“At last I’ve begun enjoying my life again. It really can get better – believe me!”

London itself has been described as “the most stressed out and depressed city in Europe”, and there is currently a higher percentage of people seeking depression treatment in London than any other capital in the EU.

So what are we to make of this? Indeed, what exactly IS depression, and how do we approach the all-important subject of depression treatment in London and elsewhere?

What is depression?

We often say ‘I feel depressed’ when we experience sadness or a low mood, but depression is more complicated than simply feeling miserable. Most of the time, these feelings are just temporary, and will pass after a while. But when they seem to worsen, or last for days and then perhaps into weeks without relief, or if they keep returning and then begin to affect your normal everyday life, then you may be experiencing something closer to ‘clinical’ depression.

All too often, we neglect these symptoms for very long periods before seeking treatment. Many people simply refuse to ‘give in’ and continue to struggle in the hope that things will ‘just get better on their own’. Others may believe that depression is some kind of ‘weakness’ and won’t accept that they need help to overcome it in the same way that they would seek treatment for any other condition.

While it is true that there are indeed many ways that you can help yourself to deal with depression, it is often much easier and more effective to seek treatment as early on as possible when it has first begun to be clear that there is a problem.

The following check list can be useful in identifying whether or not you are suffering from depression. These are all common symptoms, and if you have five or more, it could be time to consider seeking treatment:

How I Feel:

  • I am in a low mood for a lot of the time, every day
  • I feel full of despair
  • I become tearful easily
  • I get restless and agitated
  • I feel cut off and unable to relate to other people
  • I am much more irritable or impatient than usual
  • I find little pleasure the things I should usually enjoy
  • I have lost interest in sex
  • I feel as though things are ‘unreal’
  • I have a feeling of helplessness

How I’m Behaving:

  • I’m avoiding friends and social events.
  • I’m not doing the things I usually enjoy
  • I’m self-harming
  • I find it difficult to speak about it
  • I don’t want to ask for help

How I’m Thinking:

  • My memory is poor
  • It is difficult to concentrate or make decisions
  • I’m feeling guilty about things
  • I’m constantly thinking negative thoughts
  • My self-confidence and self-esteem is very low
  • Life has no meaning
  • I don’t think I will ever feel normal again
  • I have been thinking I would be better off dead

What’s happening in my body:

  • I have no energy
  • I sometimes just can’t get to sleep
  • I want to sleep a lot more than usual
  • I feel tired all the time
  • I am eating a lot more than usual and putting on weight
  • I have lost my appetite, and am losing weight
  • I feel as though I’m moving slowly
  • I have physical aches and pains but no ‘real’ illness
  • I am smoking or drinking more, or using other drugs

*Depression Treatment

It is always advisable to consult with your GP in cases of clinical depression. You may be offered various forms of treatment, including drug therapy if appropriate, and depending on the resources available, a course of CBT Therapy (Cognitive Behavioural Therapy) may be offered to you. Depression often responds well to CBT Therapy, and Hypnotherapy can work well on its own or alongside CBT Therapy in helping to develop an all-important ability to relax. Mindfulness is also key intervention and is often recommended in the prevention and treatment of depression and associated anxiety.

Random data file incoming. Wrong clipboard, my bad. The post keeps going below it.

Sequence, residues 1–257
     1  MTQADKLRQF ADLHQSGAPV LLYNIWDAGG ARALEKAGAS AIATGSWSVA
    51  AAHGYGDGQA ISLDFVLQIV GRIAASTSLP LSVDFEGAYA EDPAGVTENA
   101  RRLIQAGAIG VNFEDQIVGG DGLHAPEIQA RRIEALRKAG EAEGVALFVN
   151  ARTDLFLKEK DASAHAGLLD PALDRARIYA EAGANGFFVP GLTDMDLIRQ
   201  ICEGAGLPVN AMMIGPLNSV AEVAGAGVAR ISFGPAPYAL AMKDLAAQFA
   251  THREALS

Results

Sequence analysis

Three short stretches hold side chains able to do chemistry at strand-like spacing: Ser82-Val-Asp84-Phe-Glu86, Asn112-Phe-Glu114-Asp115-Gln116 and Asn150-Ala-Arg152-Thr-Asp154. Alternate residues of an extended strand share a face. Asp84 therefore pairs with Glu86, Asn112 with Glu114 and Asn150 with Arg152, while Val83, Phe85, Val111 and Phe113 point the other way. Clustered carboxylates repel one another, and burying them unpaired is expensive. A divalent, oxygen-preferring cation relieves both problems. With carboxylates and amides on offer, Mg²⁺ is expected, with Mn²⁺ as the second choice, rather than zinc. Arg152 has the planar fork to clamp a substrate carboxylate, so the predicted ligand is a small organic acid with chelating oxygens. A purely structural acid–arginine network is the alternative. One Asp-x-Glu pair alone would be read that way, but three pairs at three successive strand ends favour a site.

Self-help is a important component of any depression treatment, and there are many things you can do to speed up your recovery and to make your treatment even more effective. Learning to take an active role in your own wellbeing can be vital in recovery, and the Hypnowellness depression treatment focuses on this as a central part of any depression treatment programme.

What to do next

If you feel you are suffering from depression or depression-like symptoms, or if you would like to discuss how Cognitive Behavioural Therapy (CBT), Hypnotherapy and Mindfulness may help with treatment, call me now FREE on 0800 246 1838 or just use the contact form on this page.

I see many people who suffer from depression or “low mood” in all my practice locations throughout London and Herts. These include the City of London; Highgate in North London; Radlett and South Woodford in East London, so hopefully there will be somewhere close enough to be convenient for you to visit.

According to the World Health Organisation (www.who.int/mediacentre/factsheets/fs369/en/) depression has now become one of leading causes of disability throughout the world. Currently there are in the region of 121 million people across the world suffering from the extremely debilitating symptoms of this all-pervasive condition. And apparently numbers are set to increase even further, so by 2020, it is likely that depression will rank second only to heart disease in terms of individual sufferers.

Remember, the earlier the treatment is undertaken, the better the outcome is likely to be. So don’t suffer needlessly, call me FREE now on my direct line: 0800 246 1838 or just use the contact form on this page. An initial phone consultation will be provided without charge and can often be arranged at short notice.


*Disclaimer: As is common in therapy, results may vary from individual to individual and no specific outcome can be promised or guaranteed. Your therapist will however, endeavour to accomplish the objective of your sessions to the best of his ability.